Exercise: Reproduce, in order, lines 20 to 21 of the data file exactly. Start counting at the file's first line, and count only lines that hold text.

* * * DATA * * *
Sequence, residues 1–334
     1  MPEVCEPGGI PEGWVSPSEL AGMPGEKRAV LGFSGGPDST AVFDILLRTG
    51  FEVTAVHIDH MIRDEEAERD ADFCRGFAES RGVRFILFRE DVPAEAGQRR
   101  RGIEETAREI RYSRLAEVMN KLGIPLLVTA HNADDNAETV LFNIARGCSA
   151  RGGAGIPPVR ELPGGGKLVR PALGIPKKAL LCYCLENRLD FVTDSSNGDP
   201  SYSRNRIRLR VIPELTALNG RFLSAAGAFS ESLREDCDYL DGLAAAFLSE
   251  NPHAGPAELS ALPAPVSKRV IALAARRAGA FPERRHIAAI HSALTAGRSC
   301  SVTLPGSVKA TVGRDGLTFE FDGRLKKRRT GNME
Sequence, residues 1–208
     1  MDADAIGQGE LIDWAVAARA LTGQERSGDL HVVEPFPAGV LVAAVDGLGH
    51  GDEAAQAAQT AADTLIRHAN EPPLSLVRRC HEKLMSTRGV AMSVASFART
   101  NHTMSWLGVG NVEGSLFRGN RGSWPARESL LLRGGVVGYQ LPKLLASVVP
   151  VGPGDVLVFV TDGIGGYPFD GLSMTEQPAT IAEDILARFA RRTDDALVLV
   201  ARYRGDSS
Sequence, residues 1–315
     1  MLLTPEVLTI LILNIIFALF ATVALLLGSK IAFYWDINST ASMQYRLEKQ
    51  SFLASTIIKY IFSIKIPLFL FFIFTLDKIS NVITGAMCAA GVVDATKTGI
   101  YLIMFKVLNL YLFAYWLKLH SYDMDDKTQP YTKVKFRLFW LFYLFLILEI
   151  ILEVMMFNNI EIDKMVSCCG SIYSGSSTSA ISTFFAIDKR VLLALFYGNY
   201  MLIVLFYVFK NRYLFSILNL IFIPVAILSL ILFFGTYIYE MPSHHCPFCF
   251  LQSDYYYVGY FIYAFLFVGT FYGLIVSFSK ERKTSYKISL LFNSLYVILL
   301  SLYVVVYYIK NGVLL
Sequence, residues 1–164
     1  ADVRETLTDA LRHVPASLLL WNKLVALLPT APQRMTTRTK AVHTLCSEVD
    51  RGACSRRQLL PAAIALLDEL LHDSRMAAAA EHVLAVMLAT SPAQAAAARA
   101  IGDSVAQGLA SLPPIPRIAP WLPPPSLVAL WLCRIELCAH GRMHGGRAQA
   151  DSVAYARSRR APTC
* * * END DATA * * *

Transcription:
   201  MLIVLFYVFK NRYLFSILNL IFIPVAILSL ILFFGTYIYE MPSHHCPFCF
   251  LQSDYYYVGY FIYAFLFVGT FYGLIVSFSK ERKTSYKISL LFNSLYVILL